02-19-2017  10:42 pm      •     

NEW YORK (CNNMoney) -- Middle-class families continued to suffer in the aftermath of the Great Recession, and the poverty rate fell slightly, according to U.S. Census Bureau data released Wednesday.

Median household income fell to $50,054 in 2011, down 1.5% from a year earlier, according to U.S. Census Bureau data released Wednesday. Income inequality widened, as the highest income echelon experienced a jump, while those in the middle saw incomes shrink.

Meanwhile, the national poverty rate eased to 15.0% in 2011, down slightly from 15.1% the year before. Some 46.2 million people fell below the poverty line last year, and one in five children were poor.

The poverty threshold for a family of four was $23,021.

Most experts were expecting an increase in poverty, but Census officials said an increase in the number of people working full time helped keep the rate in check.

Income inequality widens

Over the past year, the rich got richer, though the poor didn't get poorer. And those in the middle were pinched hard.

The top 1% saw their income grow by 6% in 2011, while the highest quintile of earners gained 1.6%, according to Census. But the middle 60% of Americans lost ground, falling between 1.6% and 1.9%. The poorest Americans did not see a significant change.

"A lot of the increase in inequality from 2010 to 2011 is driven by changes at the very top of the distribution," said David Johnson, chief of Census' social, economic, and housing statistics division.

The second and third quintile of Americans now take home only 23.8% of the nation's income, the lowest since the Johnson Administration, said Tim Smeeding, the director for the Institute for Research on Poverty at the University of Wisconsin-Madison.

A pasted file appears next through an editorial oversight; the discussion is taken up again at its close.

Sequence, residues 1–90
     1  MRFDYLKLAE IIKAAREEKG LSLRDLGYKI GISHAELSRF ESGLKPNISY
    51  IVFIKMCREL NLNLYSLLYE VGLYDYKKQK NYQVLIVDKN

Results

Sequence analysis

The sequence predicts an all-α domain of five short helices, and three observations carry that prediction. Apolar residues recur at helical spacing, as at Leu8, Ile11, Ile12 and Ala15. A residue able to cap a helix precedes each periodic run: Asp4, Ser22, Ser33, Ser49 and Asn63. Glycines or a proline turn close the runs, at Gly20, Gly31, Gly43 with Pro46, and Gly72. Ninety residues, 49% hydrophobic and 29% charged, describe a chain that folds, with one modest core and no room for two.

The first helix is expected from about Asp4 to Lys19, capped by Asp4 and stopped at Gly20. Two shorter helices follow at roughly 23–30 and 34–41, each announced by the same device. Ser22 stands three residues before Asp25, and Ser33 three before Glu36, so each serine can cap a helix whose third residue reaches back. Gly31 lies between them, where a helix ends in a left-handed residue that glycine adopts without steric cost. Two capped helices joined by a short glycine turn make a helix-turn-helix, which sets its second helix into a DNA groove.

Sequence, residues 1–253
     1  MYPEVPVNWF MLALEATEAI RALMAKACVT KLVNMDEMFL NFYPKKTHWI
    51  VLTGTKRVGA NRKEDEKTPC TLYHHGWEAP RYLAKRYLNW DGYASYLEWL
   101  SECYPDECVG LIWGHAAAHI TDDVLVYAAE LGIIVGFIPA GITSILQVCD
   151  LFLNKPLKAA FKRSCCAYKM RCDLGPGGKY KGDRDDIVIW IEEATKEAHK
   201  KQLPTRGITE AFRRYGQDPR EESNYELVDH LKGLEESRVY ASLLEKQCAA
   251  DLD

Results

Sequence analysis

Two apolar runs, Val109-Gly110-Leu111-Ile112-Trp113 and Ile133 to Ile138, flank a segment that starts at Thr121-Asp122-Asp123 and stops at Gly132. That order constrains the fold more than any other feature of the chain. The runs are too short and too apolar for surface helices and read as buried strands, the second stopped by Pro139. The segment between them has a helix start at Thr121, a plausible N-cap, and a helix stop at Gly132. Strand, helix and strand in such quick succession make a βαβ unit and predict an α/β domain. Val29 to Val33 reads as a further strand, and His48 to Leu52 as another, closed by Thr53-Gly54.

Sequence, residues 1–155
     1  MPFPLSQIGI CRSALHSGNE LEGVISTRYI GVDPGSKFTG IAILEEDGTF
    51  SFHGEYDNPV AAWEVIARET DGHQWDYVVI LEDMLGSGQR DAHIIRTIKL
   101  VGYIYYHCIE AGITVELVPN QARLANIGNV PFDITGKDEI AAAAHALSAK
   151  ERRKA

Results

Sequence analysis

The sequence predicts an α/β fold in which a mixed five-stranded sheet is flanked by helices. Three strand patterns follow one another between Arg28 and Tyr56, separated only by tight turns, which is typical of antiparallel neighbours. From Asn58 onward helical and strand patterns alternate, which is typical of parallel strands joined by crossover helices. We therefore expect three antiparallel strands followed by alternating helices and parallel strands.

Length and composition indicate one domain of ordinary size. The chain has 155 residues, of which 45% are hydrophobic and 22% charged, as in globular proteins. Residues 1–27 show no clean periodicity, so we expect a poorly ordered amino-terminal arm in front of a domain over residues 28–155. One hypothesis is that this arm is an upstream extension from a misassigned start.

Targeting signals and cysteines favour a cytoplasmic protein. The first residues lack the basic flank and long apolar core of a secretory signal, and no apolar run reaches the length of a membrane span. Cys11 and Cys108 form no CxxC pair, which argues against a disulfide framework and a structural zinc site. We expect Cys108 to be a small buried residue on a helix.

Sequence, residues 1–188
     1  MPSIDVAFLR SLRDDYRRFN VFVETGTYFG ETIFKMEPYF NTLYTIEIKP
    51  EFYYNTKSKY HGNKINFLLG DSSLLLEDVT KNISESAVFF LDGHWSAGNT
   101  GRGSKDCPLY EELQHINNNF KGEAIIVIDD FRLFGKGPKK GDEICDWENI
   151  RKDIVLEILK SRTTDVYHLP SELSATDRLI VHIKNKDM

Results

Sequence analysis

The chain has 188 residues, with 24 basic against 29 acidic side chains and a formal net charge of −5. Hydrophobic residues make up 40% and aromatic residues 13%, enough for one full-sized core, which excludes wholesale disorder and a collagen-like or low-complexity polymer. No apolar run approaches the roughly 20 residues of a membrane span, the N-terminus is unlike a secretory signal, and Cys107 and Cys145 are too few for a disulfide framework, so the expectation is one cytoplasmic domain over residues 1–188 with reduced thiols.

"The big story is the squeeze in the middle- and lower-middle classes," he said. "They got whacked."

Some groups were hit harder than others. Those ages 35 to 44 and 55 to 64 had a drop in income, as did white and black Americans. Households in the West experienced a 4.1% decline in income.

Overall, median income has fallen 8.9% from its peak in 1999. And it's fallen 8.1% since 2007, just before the Great Recession began.

The number of men working full time, year-round increased by 1.7 million between 2010 and 2011, while the number of women rose by half a million.

This jump in people holding down full-time jobs may be the reason why poverty remained essentially the same. The number of workers in the lowest income group holding down full-time jobs soared 17.3% in 2011.

In the south, for instance, there were 1.23 million more people working last year, while the number of people in poverty fell by 740,000.

Hispanics were the only race to experience a decline in poverty, which fell to 25.3%, down from 26.5% a year earlier. Non-citizens saw a 2.5% decline in poverty.

But the poverty rate does not truly reflect the condition of poor Americans because it does not take into account roughly $900 billion in government assistance, said Robert Rector, a senior research fellow at the Heritage Foundation, a conservative group.

"The entire welfare state is off the books," he said, noting that the nation hasn't made any progress in enabling Americans to become self-sufficient since the War on Poverty began under Johnson.

Poverty and income inequality have been in the spotlight during the 2012 election. Democrats are positioning themselves as the defenders of the middle class, while casting Republicans as caring only about the rich.

Republicans are looking to overhaul several safety net programs, including turning Medicaid and food stamps into block grants in hopes of relieving the federal government's fiscal burden. Mitt Romney, meanwhile, is trying to paint President Obama as the entitlement president. The Republican presidential candidate is accusing Obama of trying to dismantle the welfare-to-work system by allowing recipients to avoid the employment requirement.